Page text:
A new exhibition at Offer Waterman explores Robert Rauschenberg’s first experiments with images from the mass media. Discovers the power of his transfer drawings
In another era when the United States – and the world – was caught between a whirlwind of overachievement and a climate of political and social turmoil, American artist Robert Rauschenberg wrangled it all into his work, in an ever-changing array of mediums and styles.
A five-month retrospective on the painter-sculptor-printmaker-photographer opens at the Tate Modern on 1 December, the first since his death in 2008, but from 2 December an exhibition at Offer Waterman will focus on one lesser known strand of his work.
Rauschenberg began experimenting with transfer drawings in 1952 on a trip to Cuba. These large sheets anticipate the multimedia Combines and silkscreen paintings for which he is perhaps best known, and are some of his first attempts at harnessing the power of mass media imagery.
Offer Waterman will exhibit more than 30 examples from the 1950s and 1960s (a sizeable percentage of the total that Rauschenberg created), with almost half on loan from major private collections. Those for sale include a piece that was once in Andy Warhol’s personal collection, and none of the drawings have been exhibited publicly in London before.
Despite the moniker, they cannot be considered as ‘drawings’ in the traditional sense. To create them, Rauschenberg cut out photographs and articles from newspapers and magazines, soaked them in solvent (turpentine or lighter fluid), then laid them onto white paper backgrounds. Next, he used a dry pen nib to rub or hatch the image – transferring it in reverse – onto the surface.
According to Brice Marden, who worked as Rauschenberg’s studio assistant from 1965, the artist did most of his work at night: “For weeks there was a stack of Scientific American magazines sitting in the kitchen. Then, suddenly, they had been gone through overnight, and the images removed became Bob’s images.”
The process is more precise than an actual drawing; removing any margin for interpretative error, since the photographs are true to life. And although the final visual effect is hazy (conjuring some idea of movement), both the artist’s message and choice of subject matter are quite deliberate.
“One of the defining aspects of Rauschenberg’s work is its ability to challenge and push the boundaries of art and how we define it,” says Polly Checker, Offer Waterman’s exhibition director.
“Like the Combines, which presented a hybrid between painting and sculpture, in these works Rauschenberg develops a technique that lies somewhere between monotype, collage, drawing and painting.”
Rauschenberg continued to make transfer drawings after he had begun silkscreening, and even into the late 1960s. “For an artist whose work was marked by constant change, the fact that he worked with this process consistently from 1958 to 1968 reflects the potential for exploration and innovation that it offered,” says Checker.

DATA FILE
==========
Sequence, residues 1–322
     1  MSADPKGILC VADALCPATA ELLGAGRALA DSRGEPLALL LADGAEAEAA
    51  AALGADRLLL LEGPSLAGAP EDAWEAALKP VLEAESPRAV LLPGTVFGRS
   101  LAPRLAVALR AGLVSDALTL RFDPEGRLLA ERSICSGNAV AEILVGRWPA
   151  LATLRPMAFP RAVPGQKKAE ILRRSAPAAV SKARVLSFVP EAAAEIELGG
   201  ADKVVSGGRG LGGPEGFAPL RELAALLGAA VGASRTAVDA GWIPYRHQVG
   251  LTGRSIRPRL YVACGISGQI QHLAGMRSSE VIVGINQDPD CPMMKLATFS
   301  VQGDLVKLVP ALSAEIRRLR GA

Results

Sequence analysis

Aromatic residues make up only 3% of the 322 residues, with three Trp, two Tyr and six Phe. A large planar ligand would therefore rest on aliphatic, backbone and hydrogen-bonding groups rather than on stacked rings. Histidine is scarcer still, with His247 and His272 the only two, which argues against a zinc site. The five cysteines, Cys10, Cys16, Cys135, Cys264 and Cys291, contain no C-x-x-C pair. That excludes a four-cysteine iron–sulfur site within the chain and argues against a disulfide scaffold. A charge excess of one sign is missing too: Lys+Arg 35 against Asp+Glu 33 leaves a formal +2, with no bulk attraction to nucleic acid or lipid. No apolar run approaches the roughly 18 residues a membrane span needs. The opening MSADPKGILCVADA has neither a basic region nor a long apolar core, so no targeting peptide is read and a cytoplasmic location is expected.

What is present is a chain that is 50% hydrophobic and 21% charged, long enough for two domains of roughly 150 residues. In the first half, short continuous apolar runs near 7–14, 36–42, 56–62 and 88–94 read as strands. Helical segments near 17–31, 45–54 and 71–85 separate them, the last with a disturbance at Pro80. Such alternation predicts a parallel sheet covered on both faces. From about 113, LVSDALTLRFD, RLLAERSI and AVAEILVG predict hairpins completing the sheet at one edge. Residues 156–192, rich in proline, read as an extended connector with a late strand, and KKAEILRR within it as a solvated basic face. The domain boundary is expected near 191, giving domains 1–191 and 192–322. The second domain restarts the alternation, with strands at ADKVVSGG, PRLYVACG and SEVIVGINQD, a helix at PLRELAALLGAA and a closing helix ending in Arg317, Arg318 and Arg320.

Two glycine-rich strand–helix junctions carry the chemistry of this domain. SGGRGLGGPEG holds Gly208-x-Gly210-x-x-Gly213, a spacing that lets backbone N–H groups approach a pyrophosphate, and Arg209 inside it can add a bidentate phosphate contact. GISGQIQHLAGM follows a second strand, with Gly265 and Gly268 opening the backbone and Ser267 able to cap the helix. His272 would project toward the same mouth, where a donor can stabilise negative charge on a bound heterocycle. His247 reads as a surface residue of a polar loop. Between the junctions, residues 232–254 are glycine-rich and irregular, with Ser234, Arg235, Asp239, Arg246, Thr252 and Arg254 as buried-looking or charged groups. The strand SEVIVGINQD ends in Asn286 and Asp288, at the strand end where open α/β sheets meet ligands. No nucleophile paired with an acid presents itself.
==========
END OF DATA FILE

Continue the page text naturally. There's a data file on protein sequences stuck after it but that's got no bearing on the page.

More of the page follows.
Having stuck with this form of visual art, Rauschenberg made more than 100 transfers in the 1960s. He created 75 in 1968 alone, a year of particular note in both American history and Offer Waterman’s exhibition.
“1968 was one of the watershed years in post-war American culture,” says Checker. “Political Folly was made for the one-day group show Response to Violence in Our Society, organised by ten Chicago art galleries in response to the violence between police and anti-Vietnam war protestors surrounding the Democratic Convention in August of that year.” Images of Senator Eugene McCarthy and Hubert Humphrey, as well as of protestors, were torn directly from various newspaper sources.
Elsewhere, Rauschenberg wielded the power behind images of the Kennedys, the Olympics in Mexico City, and headlines about racial segregation and the space programme to capture the charged political and social issues – and emotions – of that eventful year.
Popular and political culture come together time and again in the transfer drawings: Apology nods to Tommie Smith and John Carlos’ Black Power salute, while Ursula Andress rises from the sea in a still from Dr. No. The sources that Rauschenberg drew from were less sensational than those favoured by his contemporary, Andy Warhol, and more from what was then occupying the national interest.
Rauschenberg used these images as signifiers that have only grown more potent over time, and allow his transfer drawings to be read – quite literally. More than 50 years on, these first experiments serve a timely reminder of just how influential mass media and its imagery are in the way that we view the world and its woes.